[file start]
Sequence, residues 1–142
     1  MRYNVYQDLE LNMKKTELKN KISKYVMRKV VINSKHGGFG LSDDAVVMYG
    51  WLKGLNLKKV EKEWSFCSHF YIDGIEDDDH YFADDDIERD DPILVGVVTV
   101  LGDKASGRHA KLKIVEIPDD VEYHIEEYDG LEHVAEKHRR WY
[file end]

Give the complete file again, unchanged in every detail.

Sequence, residues 1–142
     1  MRYNVYQDLE LNMKKTELKN KISKYVMRKV VINSKHGGFG LSDDAVVMYG
    51  WLKGLNLKKV EKEWSFCSHF YIDGIEDDDH YFADDDIERD DPILVGVVTV
   101  LGDKASGRHA KLKIVEIPDD VEYHIEEYDG LEHVAEKHRR WY